Purchasing Preowned: Tips for Buying a Used Skid Steer or Compact Track Loader

Bobcat equipment

There are a lot of skid steers and track loaders bought and sold every year, but all those units aren’t necessarily fresh off the factory floor. “The new equipment skid steer and compact track loader industry sees about 100,000 units sold annually,” says Gregg Zupancic, product marketing manager with John Deere Construction and Forestry, “but it’s also estimated that another 50,000 units are sold on the used market each year.”

Previously owned or used skid steers and track loaders are popular alternatives for pros looking to reduce investment costs, avoid that initial depreciation of newly purchased equipment and still find a great loader tool carrier. There are a lot of options. Visit your local dealer or, even easier, plug in “used skid steer” into any internet search engine, and you will be presented with thousands of options for preowned loaders. Right now, Ritchie Bros. has more than 1,000 used skid steer and track loaders for sale through Ritchie Bros. Auctioneers, IronPlanet and Marketplace-E sales solutions. “Over the past 12 months, we’ve sold more than 5,700 skid steer and multi-terrain loaders through our live onsite auctions alone or approximately 15 per day,” explains Doug Olive, senior vice president of pricing at Ritchie Bros.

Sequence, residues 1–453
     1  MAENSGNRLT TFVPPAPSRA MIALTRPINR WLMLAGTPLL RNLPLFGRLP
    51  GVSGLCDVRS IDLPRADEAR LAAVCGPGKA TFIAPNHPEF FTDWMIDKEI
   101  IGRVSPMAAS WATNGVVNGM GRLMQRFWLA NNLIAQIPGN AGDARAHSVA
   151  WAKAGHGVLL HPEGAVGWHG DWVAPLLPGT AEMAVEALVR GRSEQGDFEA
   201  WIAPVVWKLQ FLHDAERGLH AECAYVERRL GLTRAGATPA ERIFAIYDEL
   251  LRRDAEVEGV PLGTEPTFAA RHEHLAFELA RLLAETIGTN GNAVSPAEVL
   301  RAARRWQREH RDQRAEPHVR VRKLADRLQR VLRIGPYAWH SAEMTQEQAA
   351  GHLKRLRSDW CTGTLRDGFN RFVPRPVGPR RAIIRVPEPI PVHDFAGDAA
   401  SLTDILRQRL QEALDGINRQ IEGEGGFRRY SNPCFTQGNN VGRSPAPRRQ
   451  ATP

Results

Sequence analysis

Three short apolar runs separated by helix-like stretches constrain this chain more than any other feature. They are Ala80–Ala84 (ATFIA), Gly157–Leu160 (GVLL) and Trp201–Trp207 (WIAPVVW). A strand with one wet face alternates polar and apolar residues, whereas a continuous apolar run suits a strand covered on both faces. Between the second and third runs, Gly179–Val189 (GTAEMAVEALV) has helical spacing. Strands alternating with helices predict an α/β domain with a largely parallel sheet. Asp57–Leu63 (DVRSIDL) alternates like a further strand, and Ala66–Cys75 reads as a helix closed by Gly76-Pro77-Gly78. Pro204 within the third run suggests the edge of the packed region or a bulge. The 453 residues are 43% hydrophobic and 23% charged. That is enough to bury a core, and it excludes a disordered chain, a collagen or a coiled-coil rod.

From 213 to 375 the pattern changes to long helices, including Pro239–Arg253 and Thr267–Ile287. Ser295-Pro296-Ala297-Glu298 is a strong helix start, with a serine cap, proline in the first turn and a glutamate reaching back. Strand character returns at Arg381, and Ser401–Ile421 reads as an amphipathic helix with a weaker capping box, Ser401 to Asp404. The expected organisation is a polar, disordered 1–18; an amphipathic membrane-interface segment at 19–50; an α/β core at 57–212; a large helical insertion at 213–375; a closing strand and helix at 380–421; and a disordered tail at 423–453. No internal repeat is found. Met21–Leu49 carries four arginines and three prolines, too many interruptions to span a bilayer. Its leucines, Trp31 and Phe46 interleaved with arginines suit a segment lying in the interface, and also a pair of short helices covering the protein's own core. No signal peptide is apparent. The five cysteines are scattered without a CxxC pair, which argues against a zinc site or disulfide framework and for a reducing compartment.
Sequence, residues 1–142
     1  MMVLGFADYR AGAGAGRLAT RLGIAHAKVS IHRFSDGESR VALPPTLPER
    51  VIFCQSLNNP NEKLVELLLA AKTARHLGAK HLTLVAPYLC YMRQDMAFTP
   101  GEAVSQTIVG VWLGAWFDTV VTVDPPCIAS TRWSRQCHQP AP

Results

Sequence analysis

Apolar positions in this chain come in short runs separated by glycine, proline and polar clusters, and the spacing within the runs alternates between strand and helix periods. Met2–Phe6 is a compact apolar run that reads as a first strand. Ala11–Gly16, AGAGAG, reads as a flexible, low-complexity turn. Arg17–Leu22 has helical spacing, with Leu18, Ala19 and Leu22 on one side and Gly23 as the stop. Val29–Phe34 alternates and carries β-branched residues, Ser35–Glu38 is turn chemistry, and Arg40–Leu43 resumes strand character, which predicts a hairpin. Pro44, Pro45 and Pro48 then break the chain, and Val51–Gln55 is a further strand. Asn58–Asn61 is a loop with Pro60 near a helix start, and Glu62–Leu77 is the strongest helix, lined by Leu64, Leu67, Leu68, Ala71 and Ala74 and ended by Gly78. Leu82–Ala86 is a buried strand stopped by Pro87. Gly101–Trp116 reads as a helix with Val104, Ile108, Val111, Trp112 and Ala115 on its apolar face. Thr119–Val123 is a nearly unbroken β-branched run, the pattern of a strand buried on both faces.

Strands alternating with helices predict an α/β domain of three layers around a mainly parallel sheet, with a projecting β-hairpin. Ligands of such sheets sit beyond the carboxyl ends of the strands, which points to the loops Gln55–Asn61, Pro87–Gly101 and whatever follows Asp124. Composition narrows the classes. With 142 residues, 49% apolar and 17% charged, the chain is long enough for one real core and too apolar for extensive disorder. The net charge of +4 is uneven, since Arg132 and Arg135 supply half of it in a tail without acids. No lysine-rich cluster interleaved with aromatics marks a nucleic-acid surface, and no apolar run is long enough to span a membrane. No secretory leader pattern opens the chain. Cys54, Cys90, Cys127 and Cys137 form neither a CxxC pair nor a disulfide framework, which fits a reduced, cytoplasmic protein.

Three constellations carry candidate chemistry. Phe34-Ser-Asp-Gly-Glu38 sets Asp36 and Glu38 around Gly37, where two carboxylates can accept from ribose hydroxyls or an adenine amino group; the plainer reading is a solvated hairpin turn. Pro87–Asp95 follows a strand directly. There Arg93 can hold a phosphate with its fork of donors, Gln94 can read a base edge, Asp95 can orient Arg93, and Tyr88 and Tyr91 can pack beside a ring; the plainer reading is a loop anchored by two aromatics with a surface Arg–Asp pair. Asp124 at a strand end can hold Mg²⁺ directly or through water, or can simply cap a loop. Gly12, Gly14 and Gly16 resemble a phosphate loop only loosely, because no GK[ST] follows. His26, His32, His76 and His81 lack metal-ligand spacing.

Along with those used equipment websites and live auctions from the likes of Ritchie Bros., dealers and rental lots also offer interesting used equipment opportunities.

“John Deere has its own used equipment division that John Deere dealers can leverage to help customers find the right piece of equipment for their job,” says Zupancic. “John Deere’s Equipment Remarketing Services team will help dealers lead customers to used equipment. That equipment will be certified by John Deere to help give a customer peace of mind on the machine.”

These are all good alternatives, but it will take more than scrolling through listings, finding financing and promising certifications to pick the right used loader for your operations. For the sake of brevity, let’s assume that you have a general idea of what size, brand and type of loader you want, understanding options like tracks vs. wheels, radial vs. vertical, standard vs. high flow, cab vs. ROPS, etc. You’ve already done that research, and you’ve found a few models to inspect. Now what? More analysis!